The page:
Future Failures Be Lessened Prevented

In the heyday of the late 1990s investment world, a frequent piece of advice given to young entrepreneurs seeking venture capital investments was to imagine finding themselves on an elevator ride with a VC, with approximately 30 to 45 seconds to make their pitch. Being able to reduce their entire business presentation to this blurb was supposed to be a way of honing them in on what was truly their so-called value proposition. History has since proven that perhaps everyone should have slowed down and taken some more time to analyze whether these businesses actually would produce profits, rather than well-crafted and bizarrely brief narratives. But just the same I like the idea of the elevator ride for the main premise of this book. Please take out your stopwatch, imagine we are on an elevator, then read on.

Banking Industry Consolidation and Small Business Lending

The world has seen a global trend toward banking industry consolidation. This trend has been associated with a decrease in the number of small banks and an increase in the average size and complexity of banks. Theoretical arguments suggest that small banks might be best suited to deliver relationship lending because their simple organizational structure does not require the internal transmission of soft information as part of the loan underwriting process (Stein 2002). Thus, banking consolidation could have negative consequences for small businesses if a reduction in small banks leads to a reduction of relationship lending, and transactions lending is not a good substitute for some types of opaque SMEs. Policy concern over this issue is heightened by the fact that large banks appear to have a lower propensity to lend to small businesses based on simple balance sheet calculations showing that large banks allocate a lower fraction of their assets to small business lending than do small...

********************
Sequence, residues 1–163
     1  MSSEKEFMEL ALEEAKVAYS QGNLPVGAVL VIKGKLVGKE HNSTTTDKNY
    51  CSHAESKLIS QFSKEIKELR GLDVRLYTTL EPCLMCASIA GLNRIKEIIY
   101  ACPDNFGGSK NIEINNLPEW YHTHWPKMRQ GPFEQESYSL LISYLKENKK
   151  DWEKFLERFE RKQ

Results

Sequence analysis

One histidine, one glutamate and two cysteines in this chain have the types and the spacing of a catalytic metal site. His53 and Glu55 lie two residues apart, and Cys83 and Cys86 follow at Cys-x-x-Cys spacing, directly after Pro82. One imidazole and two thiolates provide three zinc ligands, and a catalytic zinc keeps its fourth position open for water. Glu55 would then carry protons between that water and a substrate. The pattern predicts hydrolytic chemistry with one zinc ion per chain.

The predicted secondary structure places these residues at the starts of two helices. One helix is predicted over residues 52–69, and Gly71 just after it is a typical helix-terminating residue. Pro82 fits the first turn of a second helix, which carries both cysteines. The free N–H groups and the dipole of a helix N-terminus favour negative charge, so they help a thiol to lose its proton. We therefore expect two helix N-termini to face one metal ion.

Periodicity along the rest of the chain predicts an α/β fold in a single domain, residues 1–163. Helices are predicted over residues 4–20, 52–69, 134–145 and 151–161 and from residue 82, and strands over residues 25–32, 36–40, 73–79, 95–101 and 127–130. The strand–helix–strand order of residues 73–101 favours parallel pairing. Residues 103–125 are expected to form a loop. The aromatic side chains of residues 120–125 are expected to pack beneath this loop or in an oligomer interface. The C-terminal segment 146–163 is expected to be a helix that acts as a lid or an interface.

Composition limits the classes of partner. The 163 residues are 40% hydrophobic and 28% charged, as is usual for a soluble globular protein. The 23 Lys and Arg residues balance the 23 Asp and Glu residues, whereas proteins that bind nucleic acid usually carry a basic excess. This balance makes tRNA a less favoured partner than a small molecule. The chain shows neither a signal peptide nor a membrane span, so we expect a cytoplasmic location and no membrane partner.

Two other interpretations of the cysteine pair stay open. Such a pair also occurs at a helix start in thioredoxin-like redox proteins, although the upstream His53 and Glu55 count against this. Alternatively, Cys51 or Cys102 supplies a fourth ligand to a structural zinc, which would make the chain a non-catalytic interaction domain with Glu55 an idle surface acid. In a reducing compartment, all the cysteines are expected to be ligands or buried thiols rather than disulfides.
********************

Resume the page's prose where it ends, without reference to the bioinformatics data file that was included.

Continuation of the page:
Where to Go from Here

Perhaps you're a small business owner manager with a basic understanding of your financial statements, but you need to improve how you use accounting information for making your key profit decisions, and for planning and controlling your cash flow. You might jump right into Chapters 9 and 10, which explain the analysis of profit behavior and budgeting cash flows.

Who Is the Financial Manager